Missing Once, not Missing Twice

“It is better to learn late than never”
Publilius Syrus

I have been talking about turn based chess for a while now. To some having 3 days to think for a move sounds outrageous; to others they understand you do not really think for 3 days. Life happens around us and that reduces the reflection time and attention span quite considerably. Today I have an interesting example from one of my games.


I had a promising position from the opening, just to rush it and allow Black to open it up. Black’s last move was 23… Bd5xa2, winning a pawn and obtaining two passed pawns on the queen side. Does White has anything to compensate the material disadvantage? I think it has:

  • The White pieces work together and are much better placed
  • Ra8 is not playing at all and as long as that is the case, White is actually up in material
  • Black’s castle has a chip in it White might be able to exploit
  • The combo queen + knight is always better than queen and bishop. Hope you know why

Are you convinced White has enough compensation for the pawn? It has. Do you think it might have sufficient compensation to play for a win? I was not so sure of that. The real question needing a good answer was how to continue the attack. Should I go for 24. Qe4+ or 24. Qh4+? Checking on h4 looked a bit too narrow. There was nothing imminent happening and I wanted to keep my pieces central. I also wanted to combine the attacking threats on the castle with a possible win of the a7-pawn. Unfortunately I did not analyse the position close enough and missed the resource available. Luckily later on I saw the attacking idea with the queen and knight combo and that allow me to get the perpetual. Hope you will enjoy the play and learn a thing or two from it.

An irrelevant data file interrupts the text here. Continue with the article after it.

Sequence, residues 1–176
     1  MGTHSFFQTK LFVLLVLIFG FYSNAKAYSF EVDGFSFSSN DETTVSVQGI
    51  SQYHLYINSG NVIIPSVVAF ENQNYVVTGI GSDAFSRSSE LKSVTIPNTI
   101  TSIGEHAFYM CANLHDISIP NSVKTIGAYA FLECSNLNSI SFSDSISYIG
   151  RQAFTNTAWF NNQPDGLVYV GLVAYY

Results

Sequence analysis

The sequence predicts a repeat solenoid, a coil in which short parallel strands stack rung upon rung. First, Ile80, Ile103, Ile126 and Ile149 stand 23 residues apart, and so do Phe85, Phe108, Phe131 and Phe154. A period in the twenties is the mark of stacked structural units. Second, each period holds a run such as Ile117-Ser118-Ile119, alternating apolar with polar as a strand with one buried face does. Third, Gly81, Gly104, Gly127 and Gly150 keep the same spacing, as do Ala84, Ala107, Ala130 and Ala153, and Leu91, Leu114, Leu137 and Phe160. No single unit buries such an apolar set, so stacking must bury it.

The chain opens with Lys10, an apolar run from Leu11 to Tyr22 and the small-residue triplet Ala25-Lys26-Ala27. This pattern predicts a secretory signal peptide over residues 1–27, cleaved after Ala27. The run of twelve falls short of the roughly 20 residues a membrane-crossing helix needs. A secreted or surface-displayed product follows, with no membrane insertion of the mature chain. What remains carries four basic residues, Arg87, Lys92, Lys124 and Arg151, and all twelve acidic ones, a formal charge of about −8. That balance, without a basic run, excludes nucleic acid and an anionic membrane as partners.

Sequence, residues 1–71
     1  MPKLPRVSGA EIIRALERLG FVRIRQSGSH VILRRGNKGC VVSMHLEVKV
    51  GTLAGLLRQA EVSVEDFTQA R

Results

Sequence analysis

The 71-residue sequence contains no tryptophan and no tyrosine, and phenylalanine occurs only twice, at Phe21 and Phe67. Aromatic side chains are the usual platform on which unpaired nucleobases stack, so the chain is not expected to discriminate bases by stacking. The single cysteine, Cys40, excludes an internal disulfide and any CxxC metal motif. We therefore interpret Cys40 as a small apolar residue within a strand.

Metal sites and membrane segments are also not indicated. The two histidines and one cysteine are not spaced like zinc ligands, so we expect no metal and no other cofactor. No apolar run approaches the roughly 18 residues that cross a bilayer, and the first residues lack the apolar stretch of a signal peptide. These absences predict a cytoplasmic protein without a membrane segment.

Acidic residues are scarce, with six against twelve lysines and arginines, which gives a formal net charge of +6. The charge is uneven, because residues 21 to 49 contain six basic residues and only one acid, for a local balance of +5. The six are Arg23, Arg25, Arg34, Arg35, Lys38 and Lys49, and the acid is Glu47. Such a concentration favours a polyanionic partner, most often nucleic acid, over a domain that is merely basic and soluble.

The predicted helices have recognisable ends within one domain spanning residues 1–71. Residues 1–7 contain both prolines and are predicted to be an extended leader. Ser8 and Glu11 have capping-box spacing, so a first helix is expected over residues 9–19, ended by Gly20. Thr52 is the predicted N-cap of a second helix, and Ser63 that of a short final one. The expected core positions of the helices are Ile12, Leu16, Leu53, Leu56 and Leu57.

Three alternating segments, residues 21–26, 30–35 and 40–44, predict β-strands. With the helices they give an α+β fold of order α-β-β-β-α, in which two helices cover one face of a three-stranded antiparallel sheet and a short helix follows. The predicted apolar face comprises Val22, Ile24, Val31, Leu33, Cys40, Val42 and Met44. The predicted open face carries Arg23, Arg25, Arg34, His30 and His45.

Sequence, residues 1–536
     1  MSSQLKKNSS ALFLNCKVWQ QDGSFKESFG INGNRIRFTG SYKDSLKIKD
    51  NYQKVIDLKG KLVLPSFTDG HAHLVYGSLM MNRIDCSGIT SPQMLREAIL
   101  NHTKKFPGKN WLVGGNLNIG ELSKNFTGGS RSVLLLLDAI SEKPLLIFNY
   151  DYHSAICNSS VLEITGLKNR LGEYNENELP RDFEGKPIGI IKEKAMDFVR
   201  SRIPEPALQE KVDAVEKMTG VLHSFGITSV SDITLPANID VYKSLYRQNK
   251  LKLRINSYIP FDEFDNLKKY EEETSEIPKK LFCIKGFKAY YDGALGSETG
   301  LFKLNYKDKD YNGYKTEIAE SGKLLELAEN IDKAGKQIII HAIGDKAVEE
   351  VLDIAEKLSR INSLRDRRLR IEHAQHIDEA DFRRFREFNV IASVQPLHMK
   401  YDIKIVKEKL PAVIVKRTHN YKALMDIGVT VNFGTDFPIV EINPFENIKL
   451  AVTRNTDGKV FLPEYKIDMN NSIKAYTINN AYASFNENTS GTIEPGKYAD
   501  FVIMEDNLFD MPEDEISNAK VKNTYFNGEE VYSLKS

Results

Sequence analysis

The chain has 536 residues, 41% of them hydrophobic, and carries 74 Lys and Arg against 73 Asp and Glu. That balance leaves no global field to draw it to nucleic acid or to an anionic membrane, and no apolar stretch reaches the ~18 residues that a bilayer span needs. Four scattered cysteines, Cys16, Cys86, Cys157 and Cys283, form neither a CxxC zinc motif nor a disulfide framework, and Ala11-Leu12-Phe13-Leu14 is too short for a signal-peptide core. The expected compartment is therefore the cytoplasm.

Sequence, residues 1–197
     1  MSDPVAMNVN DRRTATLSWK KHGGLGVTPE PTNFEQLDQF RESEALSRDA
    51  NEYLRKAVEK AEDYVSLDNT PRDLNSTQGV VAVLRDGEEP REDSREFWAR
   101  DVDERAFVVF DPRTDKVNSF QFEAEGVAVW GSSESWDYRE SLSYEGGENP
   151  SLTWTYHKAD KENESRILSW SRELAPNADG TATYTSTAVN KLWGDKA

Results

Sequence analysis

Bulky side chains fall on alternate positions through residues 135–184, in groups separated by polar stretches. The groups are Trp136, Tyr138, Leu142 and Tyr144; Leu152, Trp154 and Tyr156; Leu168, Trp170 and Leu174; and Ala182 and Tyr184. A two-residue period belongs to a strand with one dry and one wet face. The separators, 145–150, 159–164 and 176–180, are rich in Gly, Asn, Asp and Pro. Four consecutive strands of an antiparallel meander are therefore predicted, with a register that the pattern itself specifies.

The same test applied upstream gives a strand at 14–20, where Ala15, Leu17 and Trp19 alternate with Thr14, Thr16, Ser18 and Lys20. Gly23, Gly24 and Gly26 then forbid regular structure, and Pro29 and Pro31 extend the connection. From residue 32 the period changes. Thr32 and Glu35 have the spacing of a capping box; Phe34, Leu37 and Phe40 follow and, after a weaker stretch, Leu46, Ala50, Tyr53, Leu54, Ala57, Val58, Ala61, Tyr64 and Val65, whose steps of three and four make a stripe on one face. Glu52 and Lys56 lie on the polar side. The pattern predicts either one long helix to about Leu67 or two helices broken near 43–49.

Valer Eugen Demian

This entry was posted in Annotated Games, Improver (950-1400), Intermediate (1350-1750), Strong/County (1700-2000), V.Strong/Master (1950 plus), Valer Eugen Demian and tagged on by .

About Valer Eugen Demian

The player - my first serious chess tournament was back in 1974, a little bit late for today's standards. Over the years I have had the opportunity to play all forms of chess from OTB to postal, email and server chess. The journey as a player brought me a lot of experience and a few titles along the way: FIDE CM (2012), ICCF IM (2001) and one ICCF SIM norm (2004). The instructor - my career as a chess teacher and coach started in 1994 and continues strong. I have been awarded the FIDE Instructor title (2007) for my work and have been blessed with great students reaching the highest levels (CYCC, NAYCCC, Pan-Am, WYCC). I am very proud of them! See my website for more information. I have developed my own chess curriculum on 6 levels based on my overall chess knowledge and hands-on experience. A glimpse of it can be seen in my first chess app: https://itunes.apple.com/us/app/chessessentials/id593013634?mt=8 I can help you learn chess the proper way if this is what you seek!